What if… that wasn’t true?

What if negative feelings weren’t an indication that something was wrong with you?

Let me be clear for a second, I’m NOT saying that it’s never the case that negative feelings indicate something’s off in a situation or relationship. In fact, that often is the case.

However, sometimes, especially when we believe the negative emotion is coming from something we have done wrong, IT ISN’T. It actually isn’t indicating something is wrong at all.

Let’s flesh this out a little more. Just bare with me, I know it’s complicated!!

Let’s imagine for example that this morning your boyfriend left the house a little more abruptly than normal. Maybe he was frowning a little, and being shorter than usual. He didn’t leave with the big kiss and smile he usually says goodbye with, but instead seemed distant.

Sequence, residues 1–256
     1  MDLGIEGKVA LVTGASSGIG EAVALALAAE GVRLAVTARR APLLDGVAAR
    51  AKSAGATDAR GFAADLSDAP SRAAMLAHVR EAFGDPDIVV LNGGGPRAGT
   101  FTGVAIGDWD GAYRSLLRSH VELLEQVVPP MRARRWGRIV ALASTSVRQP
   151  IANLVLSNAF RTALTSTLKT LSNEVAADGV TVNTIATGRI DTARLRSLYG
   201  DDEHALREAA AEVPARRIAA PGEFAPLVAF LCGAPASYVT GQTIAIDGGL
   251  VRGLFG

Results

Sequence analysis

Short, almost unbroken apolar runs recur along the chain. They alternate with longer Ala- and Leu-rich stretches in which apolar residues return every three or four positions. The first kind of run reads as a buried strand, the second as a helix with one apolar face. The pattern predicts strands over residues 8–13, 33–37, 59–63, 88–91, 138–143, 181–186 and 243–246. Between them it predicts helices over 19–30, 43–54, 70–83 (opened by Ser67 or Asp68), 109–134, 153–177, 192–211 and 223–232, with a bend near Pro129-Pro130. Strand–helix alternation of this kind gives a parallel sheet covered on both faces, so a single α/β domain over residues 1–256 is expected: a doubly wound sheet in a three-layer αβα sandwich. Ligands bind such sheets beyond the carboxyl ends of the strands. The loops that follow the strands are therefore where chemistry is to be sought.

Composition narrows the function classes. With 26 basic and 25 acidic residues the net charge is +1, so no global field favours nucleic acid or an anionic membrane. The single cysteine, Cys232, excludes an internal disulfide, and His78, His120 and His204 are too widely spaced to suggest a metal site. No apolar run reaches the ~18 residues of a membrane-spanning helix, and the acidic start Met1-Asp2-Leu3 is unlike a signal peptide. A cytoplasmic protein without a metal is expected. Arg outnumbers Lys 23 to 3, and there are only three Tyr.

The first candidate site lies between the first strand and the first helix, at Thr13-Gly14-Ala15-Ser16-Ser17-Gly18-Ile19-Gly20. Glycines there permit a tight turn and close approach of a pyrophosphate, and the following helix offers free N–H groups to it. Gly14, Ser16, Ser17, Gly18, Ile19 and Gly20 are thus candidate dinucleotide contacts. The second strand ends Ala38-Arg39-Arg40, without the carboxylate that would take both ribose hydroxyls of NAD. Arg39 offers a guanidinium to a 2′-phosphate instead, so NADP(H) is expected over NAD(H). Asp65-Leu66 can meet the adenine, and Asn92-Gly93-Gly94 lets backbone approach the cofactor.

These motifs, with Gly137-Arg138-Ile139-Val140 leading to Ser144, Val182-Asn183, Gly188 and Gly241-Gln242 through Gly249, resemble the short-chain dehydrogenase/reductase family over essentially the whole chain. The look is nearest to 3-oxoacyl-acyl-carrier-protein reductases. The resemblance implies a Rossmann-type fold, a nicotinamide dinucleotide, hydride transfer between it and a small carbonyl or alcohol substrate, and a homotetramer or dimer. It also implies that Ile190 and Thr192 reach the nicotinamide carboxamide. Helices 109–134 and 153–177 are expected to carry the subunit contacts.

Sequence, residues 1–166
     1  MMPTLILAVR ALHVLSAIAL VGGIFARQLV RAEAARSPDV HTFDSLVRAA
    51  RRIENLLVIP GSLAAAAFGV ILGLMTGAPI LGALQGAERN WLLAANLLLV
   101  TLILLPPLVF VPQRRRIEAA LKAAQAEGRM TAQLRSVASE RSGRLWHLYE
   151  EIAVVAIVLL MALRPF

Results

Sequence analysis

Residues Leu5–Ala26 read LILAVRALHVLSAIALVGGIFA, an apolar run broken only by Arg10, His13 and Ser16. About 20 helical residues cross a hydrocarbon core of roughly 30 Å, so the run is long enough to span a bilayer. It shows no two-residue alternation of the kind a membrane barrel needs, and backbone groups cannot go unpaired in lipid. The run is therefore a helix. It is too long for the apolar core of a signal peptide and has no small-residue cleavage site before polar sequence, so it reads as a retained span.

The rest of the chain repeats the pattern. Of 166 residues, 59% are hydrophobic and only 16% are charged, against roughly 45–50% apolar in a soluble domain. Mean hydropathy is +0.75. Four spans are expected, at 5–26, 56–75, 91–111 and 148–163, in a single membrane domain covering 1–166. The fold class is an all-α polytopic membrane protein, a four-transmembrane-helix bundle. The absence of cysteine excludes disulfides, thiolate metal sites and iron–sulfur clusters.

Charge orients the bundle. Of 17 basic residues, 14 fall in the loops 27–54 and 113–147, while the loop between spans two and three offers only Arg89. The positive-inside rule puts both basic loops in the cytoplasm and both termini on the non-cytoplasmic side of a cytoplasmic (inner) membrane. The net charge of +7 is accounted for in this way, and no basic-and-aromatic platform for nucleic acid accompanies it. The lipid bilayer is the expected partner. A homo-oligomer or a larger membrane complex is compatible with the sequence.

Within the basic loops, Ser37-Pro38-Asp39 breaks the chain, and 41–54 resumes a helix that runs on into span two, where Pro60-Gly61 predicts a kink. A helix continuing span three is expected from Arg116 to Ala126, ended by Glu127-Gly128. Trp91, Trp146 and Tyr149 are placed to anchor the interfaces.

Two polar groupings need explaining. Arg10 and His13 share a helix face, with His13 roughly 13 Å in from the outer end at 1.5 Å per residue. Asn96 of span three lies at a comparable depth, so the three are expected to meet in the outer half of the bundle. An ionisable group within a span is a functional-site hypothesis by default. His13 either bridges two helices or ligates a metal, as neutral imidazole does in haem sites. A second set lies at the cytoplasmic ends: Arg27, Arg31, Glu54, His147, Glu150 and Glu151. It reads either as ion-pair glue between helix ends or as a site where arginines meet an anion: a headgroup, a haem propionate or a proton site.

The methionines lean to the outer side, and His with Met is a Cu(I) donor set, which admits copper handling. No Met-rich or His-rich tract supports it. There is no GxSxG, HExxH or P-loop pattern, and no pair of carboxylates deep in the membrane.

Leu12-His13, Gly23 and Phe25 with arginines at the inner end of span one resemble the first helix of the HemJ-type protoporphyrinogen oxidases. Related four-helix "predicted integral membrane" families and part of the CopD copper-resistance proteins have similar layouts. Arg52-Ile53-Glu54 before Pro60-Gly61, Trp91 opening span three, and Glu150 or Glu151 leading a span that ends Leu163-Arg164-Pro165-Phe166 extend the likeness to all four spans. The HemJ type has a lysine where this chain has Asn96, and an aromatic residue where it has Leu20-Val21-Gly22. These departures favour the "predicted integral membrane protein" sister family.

He says goodbye, wishes you a good day and is out the door.

At that very moment, a sense of dread so great it feels like a ton of bricks drops into your stomach.

You start thinking, “He hates me. Oh my god. He is breaking up with me tonight. It’s over!”

You work yourself into a tizzy, calling and texting your friends, even texting your bf some weird, baiting messages to check and see if he still likes you, maybe grabbing some snacks and starting to mindlessly graze.

You start running over the last 48 hours in your mind looking for signs and indications that things were going south.

You come up with a whole list of evidence of things he said and did, like the way he glanced across the room and the period at the end of his text message. It’s clear from all of these things that your conclusion that the relationship is over, is in fact, true.